What Is Most Important to Focus on Now for Success After College? Students’ Responses Mirror and Diverge From What Employers Consider Essential Skills

Jennifer Dyer-Seymour, Cameron Battersby

Research output: Contribution to journalArticlepeer-review


Graduating students sometimes struggle to match the skills they have learned in college with quali fi cations in job advertisements. In the present study, we assessed the extent to which employers and students agree on which skills are essential in new hires, and we tested whether the skills and knowledge students think are important for postcollege success can be in fl uenced by the way the psychology major is framed. Participants viewed a 1-min video where they heard a target student describe her path through the psychology major framed in one of two ways: either as a list of courses she took or as a set of learning goals she achieved. Participants then responded to two open-ended questions about what they should focus on now for postcollege success, as well as how they thought a potential employer would evaluate the target student. Results revealed some overlap between students responses and those from a nationwide sample of employers. Con- versely, some skills that employers consider essential were rarely mentioned by students. Further, when participants heard the major described as a list of courses they were more likely to note professionalism as an important skill to hone for postcollege success than when they heard the major described as a set of learning outcomes. These results suggest that a relatively small number of students know some of the skills that employers want in new hires, and the way the major is framed to students by faculty and advisors might in fl uence the particular skills and knowledge on which they focus.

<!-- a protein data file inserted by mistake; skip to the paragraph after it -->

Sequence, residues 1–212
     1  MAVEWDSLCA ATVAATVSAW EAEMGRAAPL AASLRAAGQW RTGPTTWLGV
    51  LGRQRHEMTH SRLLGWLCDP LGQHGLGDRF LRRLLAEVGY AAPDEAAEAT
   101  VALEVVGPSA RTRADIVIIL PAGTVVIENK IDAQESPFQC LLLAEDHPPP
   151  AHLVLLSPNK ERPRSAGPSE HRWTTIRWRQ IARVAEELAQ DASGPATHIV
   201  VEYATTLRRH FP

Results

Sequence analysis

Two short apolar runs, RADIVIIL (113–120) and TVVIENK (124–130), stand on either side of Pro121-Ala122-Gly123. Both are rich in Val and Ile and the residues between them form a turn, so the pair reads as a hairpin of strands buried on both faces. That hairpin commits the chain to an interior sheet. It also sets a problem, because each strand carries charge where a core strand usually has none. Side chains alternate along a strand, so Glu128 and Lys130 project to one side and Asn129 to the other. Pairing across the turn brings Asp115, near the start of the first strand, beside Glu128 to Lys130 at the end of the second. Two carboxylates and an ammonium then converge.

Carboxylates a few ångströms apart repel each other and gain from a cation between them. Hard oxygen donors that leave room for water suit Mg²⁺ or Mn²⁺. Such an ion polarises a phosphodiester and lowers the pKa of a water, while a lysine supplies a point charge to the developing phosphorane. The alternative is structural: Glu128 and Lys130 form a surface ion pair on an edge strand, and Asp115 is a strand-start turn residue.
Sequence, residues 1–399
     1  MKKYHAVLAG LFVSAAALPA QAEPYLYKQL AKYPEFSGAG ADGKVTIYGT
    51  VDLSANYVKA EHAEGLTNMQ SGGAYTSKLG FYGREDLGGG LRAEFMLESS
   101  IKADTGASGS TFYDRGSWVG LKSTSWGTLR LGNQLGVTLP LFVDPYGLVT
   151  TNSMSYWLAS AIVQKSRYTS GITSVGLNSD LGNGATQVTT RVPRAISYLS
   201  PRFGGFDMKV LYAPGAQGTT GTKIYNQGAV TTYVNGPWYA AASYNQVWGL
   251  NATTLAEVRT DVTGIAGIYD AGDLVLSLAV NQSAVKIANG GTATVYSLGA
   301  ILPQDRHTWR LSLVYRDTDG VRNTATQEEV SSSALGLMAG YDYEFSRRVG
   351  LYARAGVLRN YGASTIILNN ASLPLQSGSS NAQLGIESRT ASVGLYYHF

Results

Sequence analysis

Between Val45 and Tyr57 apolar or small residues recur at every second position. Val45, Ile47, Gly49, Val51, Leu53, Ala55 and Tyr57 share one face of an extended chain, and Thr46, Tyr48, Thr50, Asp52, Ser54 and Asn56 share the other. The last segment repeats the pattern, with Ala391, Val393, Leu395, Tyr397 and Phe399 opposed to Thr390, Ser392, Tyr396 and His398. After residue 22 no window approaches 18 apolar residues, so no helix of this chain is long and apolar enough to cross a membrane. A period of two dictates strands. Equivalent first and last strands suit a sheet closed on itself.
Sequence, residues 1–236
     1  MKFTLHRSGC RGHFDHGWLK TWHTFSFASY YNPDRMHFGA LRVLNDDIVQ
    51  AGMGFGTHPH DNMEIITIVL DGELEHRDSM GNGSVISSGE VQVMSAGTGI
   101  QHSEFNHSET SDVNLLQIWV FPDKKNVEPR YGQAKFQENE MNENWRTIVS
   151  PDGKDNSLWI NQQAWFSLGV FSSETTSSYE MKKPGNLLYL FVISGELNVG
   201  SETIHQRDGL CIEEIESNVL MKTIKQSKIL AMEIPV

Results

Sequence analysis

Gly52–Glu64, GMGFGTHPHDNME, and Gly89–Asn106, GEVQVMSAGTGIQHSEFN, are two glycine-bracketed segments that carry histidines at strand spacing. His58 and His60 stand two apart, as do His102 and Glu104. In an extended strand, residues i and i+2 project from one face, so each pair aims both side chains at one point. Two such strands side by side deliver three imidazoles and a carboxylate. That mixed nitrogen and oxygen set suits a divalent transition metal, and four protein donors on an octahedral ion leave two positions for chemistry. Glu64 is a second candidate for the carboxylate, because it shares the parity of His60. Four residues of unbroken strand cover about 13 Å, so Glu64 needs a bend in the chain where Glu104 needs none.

Original languageAmerican English
JournalScholarship of Teaching and Learning in Psychology
StatePublished - Jul 22 2021


  • college transitions
  • learning goals
  • self-presentation skills
  • workforce graduates


  • Scholarship of Teaching and Learning
  • Psychology

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